Since the booze is front and center in this drink, it's important that you use a high-quality whiskey.  My favorites for an Old Fashioned are Tuthilltown's Manhattan Rye (a worthy splurge) and Blanton's Single Barrel Bourbon. My favorite oranges to use are actually Honeybells, a kind of tangelo.  If you can't find those, I recommend a clementine in lieu of the orange slice; its juice is a wee bit more delicate than the slightly more sour Navel orange.

Queenie's Old Fashioned

2 dashes bitters (I like Regan's Orange here, but Angostura work, too)
1 tsp. turbinado sugar
1 lemon wedge
1 generous slice of Honeybell, or one clementine cut into four wedges
2 1/2 ounces bourbon or rye whiskey

Add the bitters, sugar, lemon and orange to an old fashioned glass. Muddle together until the juice has come out of the fruit and formed a paste with the bitters and sugar. Add three or four ice cubes, then top with the whiskey. Stir once or twice. Serve cold.

Serves one.

Monday, February 7, 2011

Sundays are for bacon.


Nothing says "Sunday morning" quite like the smell of bacon crisping in the pan.  This past Sunday, I decided I would forgo my usual breakfast (coffee and, well, coffee) for something real and hearty; something that could get me through my chores and carry me on well past lunchtime.

That something was an egg, avocado and bacon sandwich. It started innocently enough - people have been more atwitter than usual recently over the idea of avocado toast, and so that was my plan. Avocado mashed about a bit, spread on fresh baguette, topped with a smidge of olive oil and a sprinkle of salt and pepper.

But then I remembered the eggs in my fridge - after all, they were just sitting there, hanging out, waiting to become the protein in some fabulous creation.  And the bacon! The bacon I bought last week in a fit of craving, and of which I've used on bits and pieces.  Both pair so well with one another and with the avocado - how could I leave them out of the party?

And so the sandwich evolved. From a mashed avocado on toast to a far taller, far naughtier creation.  Fresh baked baguette (courtesy of FreshDirect's parbaked goods section), still warm from the oven and spread with a bit of mayonnaise.  Next, a layer of sliced avocado, seasoned liberally with salt and freshly ground pepper.  Next, a slice or two of slab bacon, fried to just this side of crispy and topped with fluffy scrambled eggs.

Creamy, salty, fluffy, crispy deliciousness, all in one little sandwich.  Oh, happy Sunday.

Saturday, February 5, 2011

Queenie's Treasury: All Etsy, all the time.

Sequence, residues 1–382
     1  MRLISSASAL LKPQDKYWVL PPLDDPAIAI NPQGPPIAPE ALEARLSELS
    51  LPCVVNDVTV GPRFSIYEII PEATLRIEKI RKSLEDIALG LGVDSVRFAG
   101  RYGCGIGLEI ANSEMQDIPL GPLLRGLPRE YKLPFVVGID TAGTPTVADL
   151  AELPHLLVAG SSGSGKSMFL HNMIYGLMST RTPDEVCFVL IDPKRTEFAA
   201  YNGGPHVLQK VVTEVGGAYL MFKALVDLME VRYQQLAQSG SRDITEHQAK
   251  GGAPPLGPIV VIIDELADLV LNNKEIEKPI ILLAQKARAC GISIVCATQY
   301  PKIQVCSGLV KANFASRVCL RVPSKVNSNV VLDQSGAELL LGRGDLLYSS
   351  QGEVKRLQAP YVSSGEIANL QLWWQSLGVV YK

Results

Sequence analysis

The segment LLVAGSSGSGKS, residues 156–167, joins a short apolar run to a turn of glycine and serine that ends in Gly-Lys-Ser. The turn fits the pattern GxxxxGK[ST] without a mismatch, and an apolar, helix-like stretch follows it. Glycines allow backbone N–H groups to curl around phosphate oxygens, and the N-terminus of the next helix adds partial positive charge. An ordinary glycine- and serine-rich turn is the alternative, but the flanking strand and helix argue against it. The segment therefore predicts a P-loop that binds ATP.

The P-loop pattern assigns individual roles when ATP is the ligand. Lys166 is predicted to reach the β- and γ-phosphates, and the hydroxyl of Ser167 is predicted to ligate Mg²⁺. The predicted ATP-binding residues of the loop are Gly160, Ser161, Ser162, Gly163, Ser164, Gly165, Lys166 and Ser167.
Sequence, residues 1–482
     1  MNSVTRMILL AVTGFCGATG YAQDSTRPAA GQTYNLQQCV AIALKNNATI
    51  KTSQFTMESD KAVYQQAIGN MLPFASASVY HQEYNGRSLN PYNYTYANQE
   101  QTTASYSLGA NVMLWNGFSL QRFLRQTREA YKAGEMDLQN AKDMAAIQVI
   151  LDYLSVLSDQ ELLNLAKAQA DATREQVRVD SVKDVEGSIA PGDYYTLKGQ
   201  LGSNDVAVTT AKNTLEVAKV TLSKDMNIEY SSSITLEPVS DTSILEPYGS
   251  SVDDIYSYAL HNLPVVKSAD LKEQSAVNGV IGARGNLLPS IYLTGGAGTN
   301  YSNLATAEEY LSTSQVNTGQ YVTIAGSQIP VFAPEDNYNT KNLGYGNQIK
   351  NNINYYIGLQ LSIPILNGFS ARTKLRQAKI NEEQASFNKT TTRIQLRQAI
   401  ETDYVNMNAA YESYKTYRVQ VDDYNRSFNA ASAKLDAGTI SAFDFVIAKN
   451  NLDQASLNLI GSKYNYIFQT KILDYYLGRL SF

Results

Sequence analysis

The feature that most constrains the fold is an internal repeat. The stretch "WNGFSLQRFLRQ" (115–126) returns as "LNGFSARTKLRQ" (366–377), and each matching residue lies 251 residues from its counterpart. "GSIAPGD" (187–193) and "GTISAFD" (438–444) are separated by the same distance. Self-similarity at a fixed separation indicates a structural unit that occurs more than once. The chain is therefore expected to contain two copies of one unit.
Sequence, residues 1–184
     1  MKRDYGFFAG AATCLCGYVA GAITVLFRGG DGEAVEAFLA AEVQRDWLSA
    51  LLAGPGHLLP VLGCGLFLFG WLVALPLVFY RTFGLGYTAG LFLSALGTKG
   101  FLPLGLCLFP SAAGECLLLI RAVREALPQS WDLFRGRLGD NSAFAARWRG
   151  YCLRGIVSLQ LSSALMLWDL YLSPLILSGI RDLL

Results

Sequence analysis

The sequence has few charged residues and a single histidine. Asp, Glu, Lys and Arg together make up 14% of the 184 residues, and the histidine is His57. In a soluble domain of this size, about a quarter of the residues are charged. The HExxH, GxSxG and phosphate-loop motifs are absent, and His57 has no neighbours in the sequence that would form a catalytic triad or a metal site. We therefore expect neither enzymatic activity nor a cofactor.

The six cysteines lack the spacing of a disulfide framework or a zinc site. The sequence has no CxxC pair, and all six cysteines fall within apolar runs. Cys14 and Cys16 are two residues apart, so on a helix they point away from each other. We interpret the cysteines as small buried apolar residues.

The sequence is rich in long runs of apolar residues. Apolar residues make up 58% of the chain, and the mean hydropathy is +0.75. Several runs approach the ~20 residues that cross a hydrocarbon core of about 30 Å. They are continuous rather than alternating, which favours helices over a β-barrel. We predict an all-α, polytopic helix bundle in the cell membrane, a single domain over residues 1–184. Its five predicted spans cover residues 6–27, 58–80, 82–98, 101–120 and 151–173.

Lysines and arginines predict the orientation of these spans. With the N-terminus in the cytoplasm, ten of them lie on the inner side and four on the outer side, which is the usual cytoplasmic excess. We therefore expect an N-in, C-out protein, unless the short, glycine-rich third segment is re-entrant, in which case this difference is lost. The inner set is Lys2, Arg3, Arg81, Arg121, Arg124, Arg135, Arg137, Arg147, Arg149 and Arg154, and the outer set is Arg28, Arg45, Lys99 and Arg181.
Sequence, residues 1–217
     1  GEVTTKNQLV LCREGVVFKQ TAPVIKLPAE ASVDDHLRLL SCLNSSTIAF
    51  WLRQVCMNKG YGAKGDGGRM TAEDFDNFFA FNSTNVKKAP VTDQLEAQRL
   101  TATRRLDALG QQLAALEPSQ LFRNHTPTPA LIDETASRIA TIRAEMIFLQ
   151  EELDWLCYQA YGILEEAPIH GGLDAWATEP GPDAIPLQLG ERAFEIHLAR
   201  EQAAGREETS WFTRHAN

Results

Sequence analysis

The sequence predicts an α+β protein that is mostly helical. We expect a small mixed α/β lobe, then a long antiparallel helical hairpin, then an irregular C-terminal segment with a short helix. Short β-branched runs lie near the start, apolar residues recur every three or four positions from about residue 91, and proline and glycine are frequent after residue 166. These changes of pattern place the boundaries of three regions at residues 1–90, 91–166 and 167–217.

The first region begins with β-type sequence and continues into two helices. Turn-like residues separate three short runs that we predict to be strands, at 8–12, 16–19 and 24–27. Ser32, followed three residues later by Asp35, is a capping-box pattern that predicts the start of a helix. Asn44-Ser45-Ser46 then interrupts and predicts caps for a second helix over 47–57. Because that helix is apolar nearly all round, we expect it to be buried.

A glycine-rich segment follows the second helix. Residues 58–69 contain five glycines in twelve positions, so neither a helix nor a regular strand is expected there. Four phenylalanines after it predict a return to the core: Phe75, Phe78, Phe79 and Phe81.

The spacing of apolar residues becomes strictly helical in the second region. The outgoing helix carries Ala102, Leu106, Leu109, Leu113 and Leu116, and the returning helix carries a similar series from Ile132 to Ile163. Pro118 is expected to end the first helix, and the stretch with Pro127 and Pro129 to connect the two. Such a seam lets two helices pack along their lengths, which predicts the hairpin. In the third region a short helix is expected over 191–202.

You guys! It's the weekend! Aren't you psyched? Me, too!

As you know, I've been a bit under the weather of late, so I plan to spend the weekend banking lots of sleep, reading a good book and watching a couple of Oscar contenders. I'll also be cooking for my lunches this week (braised chicken with mushrooms, beet salad and pasta with cauliflower are all on the menu) and doing a little laundry. Bo-ring, I know.

In the meantime, let's check out this week's Treasury! I've decided it's time for an all-Etsy edition, and I do hope you enjoy it.

This cushion cut aquamarine ring by Garnet Girl makes my knees weak. It is absolutely stunning, right? I love the pale blue stone set against the warm rose gold. I love the old-fashioned cut, and I love the way the setting sort of hugs the stone to the ring. Love, love, love.

These coral and turquoise earrings from Beadycats are a burst of sunny happiness, amirite? I can't get enough of their cheerfulness, and I can totally picture them with a cute little sundress and sandals. Ah, summer.

Nick Heywood is one of my favorite bloggers, and I'm also completely enamored of his Etsy shop, where he peddles all kinds of vintage goodness.  This mirror-framed needlepoint has been calling to me for a couple of weeks now; I feel like it would be right at home in my home - or maybe in yours?

Friday, February 4, 2011


Happy Friday, everyone!

It's been something of a rough week in these parts.  I've had a nasty cold and a very busy week, both of which resulted in a lost voice and a desperate need for sleep.  The latter will be dealt with during tomorrow's forecasted wintry mix; the former I'm tackling tonight with a hot toddy.

I put out the word on Twitter that I was in the market for a good recipe, and my lovely Tweeps (one of whom is my dear friend Anica) responded with some fabulous ideas!

I went for English Breakfast tea, a little lemon juice, loads of honey and a shot of bourbon.  Garnished with a lemon slice and boom! Recuperation in a mug.

To health!

Wednesday, February 2, 2011

To the point.

 I went to the Decemberists concert last week.

It was awesome.

Tuesday, February 1, 2011

Better together.

Salty and sweet, that is. There's little I like more than a dish that combines salt with sugar, and Shack Shack's salted peanut butter hot chocolate is no exception. It's deeply chocolatey, and instead of just adding extra richness, the peanut butter actually cuts through the sweetness with its salty edge.

There's not much more to say, other than that the beverage, which comes in one perfect size, is available at all Shake Shack locations around the city. You're bound to be near one sooner rather than later, right?